The Movie "Women Talking" (2022)


The Movie "Women Talking" (2022)

Review film The Women Talking 2022.

The Best Picture Oscar nomination for "Women Talking " has been announced. The source of the news is Island Design.

The ideas or ideology expressed through art can sometimes overshadow the artwork itself, transforming it from a source of enjoyment to a "manifesto" or political petition. Viewers may agree or disagree with the concepts, but ultimately, what matters is the vessel - be it a film, literary work, or television series.

"Women Talking" is one of ten films nominated for this year's Best Picture Oscar, and has also received a Grand Prix nomination and Best Screenplay nomination. The film is based on a novel of the same name by Canadian author Miriam Toys, published in 2018, and is rooted in real events that give the film weight. It has been recognized by both the National Review Board and the American Film Institute as one of the most significant films of 2022, having won 52 awards and received 154 nominations.

Political petition :

The three options that the women have decided to vote on are staying and fighting, fleeing society, or staying and forgiving. We learn through dialogue that the women authorized to vote represent a segment of society, each of whom mirrors the others. Salome (Claire Foy) is angry and wants to stay and fight until the last moment. Marish (Jessie Buckley) suffers from domestic violence, making her sharp but closer to forgiveness in the panic of the strange world outside. Una (Ronnie Mara) is a pacifist tender dreamer who represents the philosopher of the group. They move from one opinion to another, explaining the advantages and disadvantages of each.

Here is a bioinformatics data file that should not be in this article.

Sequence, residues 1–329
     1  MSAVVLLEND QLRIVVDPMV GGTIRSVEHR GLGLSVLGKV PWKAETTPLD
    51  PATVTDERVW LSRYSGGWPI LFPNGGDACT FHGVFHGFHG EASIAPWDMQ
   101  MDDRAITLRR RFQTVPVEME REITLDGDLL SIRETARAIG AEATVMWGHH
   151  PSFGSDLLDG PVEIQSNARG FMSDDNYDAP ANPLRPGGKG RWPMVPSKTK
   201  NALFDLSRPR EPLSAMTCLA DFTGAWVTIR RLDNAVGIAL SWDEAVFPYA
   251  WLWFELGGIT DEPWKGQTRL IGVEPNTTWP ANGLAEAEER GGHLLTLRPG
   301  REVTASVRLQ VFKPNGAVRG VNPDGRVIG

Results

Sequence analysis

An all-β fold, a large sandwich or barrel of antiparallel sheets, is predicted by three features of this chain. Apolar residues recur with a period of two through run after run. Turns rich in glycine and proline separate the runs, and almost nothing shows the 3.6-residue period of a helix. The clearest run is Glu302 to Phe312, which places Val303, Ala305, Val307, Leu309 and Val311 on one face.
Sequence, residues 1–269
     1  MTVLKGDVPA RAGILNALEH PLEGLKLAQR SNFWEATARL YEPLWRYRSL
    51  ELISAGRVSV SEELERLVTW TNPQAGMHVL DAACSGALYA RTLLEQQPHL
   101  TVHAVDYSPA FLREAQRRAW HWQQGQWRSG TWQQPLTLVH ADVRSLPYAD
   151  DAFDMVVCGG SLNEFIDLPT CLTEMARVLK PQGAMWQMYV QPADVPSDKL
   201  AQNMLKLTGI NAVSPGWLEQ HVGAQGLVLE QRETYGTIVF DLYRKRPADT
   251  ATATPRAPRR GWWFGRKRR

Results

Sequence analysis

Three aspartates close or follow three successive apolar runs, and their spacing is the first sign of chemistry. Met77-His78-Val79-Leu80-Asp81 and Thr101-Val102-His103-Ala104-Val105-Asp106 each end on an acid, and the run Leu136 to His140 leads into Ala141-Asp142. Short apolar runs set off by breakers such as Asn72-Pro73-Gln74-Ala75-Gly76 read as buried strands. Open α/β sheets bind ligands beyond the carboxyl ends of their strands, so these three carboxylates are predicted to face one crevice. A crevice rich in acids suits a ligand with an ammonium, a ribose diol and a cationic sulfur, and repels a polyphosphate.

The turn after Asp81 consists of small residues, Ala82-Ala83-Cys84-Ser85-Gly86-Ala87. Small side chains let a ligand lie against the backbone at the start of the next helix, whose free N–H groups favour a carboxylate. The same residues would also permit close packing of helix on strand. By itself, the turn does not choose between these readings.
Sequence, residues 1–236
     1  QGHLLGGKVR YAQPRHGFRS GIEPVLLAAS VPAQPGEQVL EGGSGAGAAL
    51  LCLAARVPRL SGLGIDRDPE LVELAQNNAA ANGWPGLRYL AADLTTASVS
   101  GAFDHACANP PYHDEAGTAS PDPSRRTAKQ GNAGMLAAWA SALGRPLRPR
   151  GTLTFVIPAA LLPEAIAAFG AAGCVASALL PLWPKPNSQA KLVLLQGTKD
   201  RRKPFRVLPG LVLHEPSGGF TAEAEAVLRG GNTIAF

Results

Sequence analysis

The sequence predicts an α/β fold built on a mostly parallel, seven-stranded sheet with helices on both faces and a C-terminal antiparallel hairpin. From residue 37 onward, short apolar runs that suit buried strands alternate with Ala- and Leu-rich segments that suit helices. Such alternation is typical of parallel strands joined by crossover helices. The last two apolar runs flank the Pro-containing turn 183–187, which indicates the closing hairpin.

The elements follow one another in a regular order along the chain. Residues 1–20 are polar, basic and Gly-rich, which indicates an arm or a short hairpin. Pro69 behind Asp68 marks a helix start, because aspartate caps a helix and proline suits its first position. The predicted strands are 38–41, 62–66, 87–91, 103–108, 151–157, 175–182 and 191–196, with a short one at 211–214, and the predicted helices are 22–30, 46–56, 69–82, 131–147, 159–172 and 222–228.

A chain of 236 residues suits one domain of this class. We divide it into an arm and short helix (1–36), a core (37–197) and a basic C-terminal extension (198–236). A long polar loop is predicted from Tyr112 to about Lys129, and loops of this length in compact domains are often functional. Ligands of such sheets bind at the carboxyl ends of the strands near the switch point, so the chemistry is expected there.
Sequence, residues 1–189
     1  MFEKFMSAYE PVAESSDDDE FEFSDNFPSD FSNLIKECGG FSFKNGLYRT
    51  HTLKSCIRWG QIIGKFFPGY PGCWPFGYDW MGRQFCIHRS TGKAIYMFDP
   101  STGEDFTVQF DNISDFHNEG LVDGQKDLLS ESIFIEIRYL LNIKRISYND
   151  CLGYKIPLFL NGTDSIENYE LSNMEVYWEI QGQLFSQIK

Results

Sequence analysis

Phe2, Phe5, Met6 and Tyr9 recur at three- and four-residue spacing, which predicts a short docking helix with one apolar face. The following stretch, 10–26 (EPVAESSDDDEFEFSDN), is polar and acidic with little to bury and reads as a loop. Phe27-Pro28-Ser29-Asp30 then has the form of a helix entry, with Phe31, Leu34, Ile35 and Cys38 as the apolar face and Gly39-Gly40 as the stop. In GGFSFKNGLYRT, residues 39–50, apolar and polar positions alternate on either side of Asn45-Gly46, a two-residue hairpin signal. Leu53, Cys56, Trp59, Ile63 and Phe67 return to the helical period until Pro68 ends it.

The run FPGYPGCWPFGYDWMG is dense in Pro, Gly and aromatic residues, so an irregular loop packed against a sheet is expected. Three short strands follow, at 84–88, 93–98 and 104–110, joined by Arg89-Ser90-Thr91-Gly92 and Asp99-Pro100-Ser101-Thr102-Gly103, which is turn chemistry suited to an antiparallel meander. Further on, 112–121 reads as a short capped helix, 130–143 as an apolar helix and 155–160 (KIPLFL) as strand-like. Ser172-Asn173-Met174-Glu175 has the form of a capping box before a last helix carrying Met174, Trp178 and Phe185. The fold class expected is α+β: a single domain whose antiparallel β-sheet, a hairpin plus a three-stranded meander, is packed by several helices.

In one scene, Ona asks the young Auguste, who is thin in a way that does not make him merge with the men of the group, to record what is said in the discussion session before making a decision. This official recording is what can be prepared in the first place. Its script deals with one women's issue after another and explodes through a passing conversation on a big topic. Then each woman begins to give her opinion, and they return to the point of difficult decision. The scene ends, and another opens in the same way.

The film "Women Talking" is closer to a play than a cinematic film, mainly depending on dialogue. While its events take place in very limited places, it is not a shame for it. Many films that adhered to very theatrical rules came out distinctive and are still remembered by the audience and won the most important awards, such as "Cat on a Hot Tin Roof" and "Who's Afraid of Virginia Woolf?".

What distinguishes these two films and others is the ability of dialogue to create excitement and surprise the audience from one scene to another. Conversations in these films become an alternative to camera movement, lighting, and aesthetics of the image in general. However, this was not present in the film "Women's Talk." Every sentence was expected beforehand and did not surprise the characters or reveal a new part of the human soul.